Concept

Anti-rival good

Summary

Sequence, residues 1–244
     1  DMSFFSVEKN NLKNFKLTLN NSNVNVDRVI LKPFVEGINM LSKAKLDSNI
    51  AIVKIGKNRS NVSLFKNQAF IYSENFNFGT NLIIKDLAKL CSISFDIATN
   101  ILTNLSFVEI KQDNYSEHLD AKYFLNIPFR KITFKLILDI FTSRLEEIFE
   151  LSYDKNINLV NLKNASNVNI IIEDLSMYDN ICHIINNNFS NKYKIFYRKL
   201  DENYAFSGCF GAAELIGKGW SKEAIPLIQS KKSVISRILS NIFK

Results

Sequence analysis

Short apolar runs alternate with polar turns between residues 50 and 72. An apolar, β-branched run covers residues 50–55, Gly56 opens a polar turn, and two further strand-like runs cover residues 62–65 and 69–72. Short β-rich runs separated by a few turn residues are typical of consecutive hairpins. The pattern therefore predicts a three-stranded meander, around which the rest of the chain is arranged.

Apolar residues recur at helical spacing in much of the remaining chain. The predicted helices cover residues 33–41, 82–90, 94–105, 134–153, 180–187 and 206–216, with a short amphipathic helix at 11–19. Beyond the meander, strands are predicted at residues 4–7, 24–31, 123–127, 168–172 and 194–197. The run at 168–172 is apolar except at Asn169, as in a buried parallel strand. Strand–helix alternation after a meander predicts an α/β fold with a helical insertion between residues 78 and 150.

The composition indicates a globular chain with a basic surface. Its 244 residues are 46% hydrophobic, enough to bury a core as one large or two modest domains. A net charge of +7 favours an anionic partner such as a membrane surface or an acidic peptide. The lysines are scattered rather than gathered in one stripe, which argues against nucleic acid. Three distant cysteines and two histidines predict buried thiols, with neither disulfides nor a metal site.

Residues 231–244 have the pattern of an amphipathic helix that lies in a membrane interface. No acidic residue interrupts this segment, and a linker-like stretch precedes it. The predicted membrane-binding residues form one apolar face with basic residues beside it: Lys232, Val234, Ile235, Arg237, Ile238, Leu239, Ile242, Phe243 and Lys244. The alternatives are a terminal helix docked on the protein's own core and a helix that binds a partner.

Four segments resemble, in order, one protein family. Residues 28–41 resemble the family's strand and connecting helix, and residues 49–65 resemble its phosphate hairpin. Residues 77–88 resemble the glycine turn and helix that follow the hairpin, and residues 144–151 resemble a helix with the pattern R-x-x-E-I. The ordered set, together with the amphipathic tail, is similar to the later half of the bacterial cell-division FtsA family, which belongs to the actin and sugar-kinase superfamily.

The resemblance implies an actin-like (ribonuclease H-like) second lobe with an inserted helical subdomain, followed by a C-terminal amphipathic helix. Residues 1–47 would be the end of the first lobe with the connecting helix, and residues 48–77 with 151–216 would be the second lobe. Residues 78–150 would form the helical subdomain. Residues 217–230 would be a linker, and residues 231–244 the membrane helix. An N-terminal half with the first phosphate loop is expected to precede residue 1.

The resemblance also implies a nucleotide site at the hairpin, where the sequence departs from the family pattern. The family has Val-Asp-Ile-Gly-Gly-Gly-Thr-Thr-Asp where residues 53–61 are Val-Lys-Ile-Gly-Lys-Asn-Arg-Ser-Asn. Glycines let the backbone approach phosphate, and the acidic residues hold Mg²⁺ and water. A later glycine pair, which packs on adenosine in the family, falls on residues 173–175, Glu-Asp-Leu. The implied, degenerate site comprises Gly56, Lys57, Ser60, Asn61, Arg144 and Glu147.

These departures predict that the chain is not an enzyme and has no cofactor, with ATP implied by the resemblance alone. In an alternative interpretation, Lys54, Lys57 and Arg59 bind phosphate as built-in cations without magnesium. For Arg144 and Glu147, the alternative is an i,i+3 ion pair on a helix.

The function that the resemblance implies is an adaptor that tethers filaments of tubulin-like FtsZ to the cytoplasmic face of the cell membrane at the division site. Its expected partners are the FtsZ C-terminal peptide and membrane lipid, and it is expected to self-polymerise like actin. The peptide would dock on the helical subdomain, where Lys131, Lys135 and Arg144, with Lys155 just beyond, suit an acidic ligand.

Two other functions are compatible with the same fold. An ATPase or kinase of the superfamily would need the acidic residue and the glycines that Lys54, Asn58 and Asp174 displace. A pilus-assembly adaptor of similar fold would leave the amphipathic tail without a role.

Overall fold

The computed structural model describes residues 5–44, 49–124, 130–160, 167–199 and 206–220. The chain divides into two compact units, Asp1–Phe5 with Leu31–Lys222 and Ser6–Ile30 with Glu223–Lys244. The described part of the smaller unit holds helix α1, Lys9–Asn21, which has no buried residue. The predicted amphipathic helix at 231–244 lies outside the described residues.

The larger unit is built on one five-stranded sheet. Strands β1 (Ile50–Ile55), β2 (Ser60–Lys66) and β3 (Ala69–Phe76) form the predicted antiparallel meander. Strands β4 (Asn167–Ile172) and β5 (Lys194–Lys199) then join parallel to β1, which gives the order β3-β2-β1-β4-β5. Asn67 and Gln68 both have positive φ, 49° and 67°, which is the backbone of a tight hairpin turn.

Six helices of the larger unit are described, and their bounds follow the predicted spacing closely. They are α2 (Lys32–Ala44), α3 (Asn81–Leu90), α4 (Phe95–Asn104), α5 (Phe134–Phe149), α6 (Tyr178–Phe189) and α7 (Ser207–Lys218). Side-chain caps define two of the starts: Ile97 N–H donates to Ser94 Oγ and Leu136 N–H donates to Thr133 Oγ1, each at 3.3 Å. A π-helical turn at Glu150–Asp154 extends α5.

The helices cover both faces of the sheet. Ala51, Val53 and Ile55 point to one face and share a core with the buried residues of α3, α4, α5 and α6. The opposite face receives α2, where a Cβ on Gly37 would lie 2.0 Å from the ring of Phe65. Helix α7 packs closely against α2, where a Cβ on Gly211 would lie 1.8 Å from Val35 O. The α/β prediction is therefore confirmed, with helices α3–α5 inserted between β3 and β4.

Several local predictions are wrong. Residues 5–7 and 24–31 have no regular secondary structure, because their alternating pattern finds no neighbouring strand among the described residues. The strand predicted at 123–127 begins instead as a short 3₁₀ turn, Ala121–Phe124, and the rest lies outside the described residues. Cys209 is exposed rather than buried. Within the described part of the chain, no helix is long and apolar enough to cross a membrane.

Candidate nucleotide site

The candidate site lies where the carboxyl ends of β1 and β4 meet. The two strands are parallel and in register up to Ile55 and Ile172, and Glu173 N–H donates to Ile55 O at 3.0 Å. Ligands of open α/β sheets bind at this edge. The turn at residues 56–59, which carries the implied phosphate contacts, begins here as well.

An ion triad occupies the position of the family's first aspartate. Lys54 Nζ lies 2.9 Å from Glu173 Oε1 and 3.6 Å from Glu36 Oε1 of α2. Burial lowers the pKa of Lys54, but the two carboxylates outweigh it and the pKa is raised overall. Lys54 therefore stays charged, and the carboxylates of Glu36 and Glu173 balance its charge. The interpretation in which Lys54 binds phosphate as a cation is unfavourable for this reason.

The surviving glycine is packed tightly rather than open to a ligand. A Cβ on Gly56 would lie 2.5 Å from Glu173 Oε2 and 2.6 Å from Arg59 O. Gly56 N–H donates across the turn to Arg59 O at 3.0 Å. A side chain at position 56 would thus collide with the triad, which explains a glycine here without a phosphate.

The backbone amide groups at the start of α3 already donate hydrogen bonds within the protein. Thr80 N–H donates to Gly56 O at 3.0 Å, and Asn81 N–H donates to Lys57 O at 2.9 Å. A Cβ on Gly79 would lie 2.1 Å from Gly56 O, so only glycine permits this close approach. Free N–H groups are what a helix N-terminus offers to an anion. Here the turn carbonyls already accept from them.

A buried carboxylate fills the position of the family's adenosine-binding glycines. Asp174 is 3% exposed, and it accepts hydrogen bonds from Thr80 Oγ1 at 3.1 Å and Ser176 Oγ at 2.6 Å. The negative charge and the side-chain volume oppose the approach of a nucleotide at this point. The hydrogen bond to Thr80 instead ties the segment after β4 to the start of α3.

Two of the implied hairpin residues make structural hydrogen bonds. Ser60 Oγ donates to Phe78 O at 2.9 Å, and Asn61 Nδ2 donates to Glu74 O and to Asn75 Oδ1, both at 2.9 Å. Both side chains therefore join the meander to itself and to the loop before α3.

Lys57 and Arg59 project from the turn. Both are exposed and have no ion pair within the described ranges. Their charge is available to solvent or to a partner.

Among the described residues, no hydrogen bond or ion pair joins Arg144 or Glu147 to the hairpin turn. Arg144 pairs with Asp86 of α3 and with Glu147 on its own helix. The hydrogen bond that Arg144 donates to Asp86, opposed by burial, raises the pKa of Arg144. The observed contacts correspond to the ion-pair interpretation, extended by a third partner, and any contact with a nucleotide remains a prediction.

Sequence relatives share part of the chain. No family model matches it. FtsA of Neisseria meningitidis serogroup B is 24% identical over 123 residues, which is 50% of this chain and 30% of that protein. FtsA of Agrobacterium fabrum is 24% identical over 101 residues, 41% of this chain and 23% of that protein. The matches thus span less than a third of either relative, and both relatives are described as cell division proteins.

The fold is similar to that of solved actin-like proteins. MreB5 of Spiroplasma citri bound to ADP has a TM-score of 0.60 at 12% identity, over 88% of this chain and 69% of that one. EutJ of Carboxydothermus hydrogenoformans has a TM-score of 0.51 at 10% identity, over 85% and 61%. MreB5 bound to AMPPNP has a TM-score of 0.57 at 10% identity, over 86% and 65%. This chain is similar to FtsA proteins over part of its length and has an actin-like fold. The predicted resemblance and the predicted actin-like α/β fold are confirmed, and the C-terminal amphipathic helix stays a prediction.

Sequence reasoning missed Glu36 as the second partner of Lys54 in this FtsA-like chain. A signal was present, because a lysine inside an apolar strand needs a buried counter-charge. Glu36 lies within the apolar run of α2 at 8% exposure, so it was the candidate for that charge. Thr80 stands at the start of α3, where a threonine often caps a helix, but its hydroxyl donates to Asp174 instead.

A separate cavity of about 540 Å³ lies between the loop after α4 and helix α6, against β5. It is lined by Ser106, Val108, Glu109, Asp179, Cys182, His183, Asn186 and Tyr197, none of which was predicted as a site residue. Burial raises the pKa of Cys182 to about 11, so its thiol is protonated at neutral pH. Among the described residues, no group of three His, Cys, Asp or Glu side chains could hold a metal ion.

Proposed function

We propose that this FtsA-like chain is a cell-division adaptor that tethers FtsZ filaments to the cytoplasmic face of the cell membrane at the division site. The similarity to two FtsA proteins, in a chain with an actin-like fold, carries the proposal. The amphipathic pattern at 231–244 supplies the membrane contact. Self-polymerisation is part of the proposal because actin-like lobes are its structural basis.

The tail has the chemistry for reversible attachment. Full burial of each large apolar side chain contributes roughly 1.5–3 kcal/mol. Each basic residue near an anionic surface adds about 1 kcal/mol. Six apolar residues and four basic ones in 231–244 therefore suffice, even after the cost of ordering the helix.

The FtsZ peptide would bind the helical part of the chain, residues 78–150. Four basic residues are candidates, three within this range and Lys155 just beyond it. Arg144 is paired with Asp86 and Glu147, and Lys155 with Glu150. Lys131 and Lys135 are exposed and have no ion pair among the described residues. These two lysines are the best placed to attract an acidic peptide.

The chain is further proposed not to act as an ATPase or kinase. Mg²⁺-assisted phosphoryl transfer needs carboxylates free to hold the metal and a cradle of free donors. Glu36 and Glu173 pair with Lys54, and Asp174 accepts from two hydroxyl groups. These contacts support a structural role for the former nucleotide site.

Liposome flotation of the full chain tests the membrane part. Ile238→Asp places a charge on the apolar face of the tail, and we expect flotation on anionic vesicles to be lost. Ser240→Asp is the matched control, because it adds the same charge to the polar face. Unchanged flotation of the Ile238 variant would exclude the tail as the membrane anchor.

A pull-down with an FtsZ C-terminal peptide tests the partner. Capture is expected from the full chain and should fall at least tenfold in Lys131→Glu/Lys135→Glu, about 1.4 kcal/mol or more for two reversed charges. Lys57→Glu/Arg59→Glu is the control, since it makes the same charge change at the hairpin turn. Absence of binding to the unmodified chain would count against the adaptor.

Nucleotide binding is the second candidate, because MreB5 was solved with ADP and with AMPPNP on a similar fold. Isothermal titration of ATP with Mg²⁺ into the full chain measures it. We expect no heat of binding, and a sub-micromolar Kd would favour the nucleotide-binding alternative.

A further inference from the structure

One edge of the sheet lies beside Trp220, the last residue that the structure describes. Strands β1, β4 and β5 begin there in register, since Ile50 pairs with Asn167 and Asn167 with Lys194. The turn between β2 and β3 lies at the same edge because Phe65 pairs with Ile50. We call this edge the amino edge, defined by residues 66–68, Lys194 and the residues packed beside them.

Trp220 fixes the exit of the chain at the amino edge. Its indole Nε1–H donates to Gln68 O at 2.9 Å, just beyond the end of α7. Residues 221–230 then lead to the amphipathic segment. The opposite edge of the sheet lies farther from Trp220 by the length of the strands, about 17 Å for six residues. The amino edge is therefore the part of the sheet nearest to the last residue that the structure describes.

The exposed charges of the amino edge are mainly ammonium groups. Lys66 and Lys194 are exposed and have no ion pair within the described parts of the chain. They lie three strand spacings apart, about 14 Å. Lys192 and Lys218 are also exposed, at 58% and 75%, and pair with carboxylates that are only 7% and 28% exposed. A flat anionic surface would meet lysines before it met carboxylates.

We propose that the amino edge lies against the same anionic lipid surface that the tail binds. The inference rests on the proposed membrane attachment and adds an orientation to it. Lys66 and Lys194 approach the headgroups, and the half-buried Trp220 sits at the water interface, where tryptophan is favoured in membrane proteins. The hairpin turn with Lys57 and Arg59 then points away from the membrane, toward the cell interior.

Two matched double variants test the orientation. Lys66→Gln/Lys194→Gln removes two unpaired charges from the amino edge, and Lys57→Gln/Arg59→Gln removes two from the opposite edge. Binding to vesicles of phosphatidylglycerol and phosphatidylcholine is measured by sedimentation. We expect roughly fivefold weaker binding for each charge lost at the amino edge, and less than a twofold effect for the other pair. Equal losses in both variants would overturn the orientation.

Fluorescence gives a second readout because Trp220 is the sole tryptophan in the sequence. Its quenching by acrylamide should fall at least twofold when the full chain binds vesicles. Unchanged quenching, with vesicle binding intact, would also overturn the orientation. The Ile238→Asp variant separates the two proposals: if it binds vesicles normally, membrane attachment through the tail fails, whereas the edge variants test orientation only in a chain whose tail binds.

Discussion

“Anti-rival good” is a neologism suggested by Steven Weber. According to his definition, it is the opposite of a rival good. The more people share an anti-rival good, the more utility each person receives. Examples include software and other information goods created through the process of commons-based peer production. An anti-rival good meets the test of a public good because it is non-excludable (freely available to all) and non-rival (consumption by one person does not reduce the amount available for others). However, it has the additional quality of being created by private individuals for common benefit without being motivated by pure altruism, because the individual contributor also receives benefits from the contributions of others. Free open-source software Lawrence Lessig described free and open-source software as anti-rivalrous: "It's not just that code is non-rival; it's that code in particular, and (at least some) knowledge in general, is, as Weber calls it,
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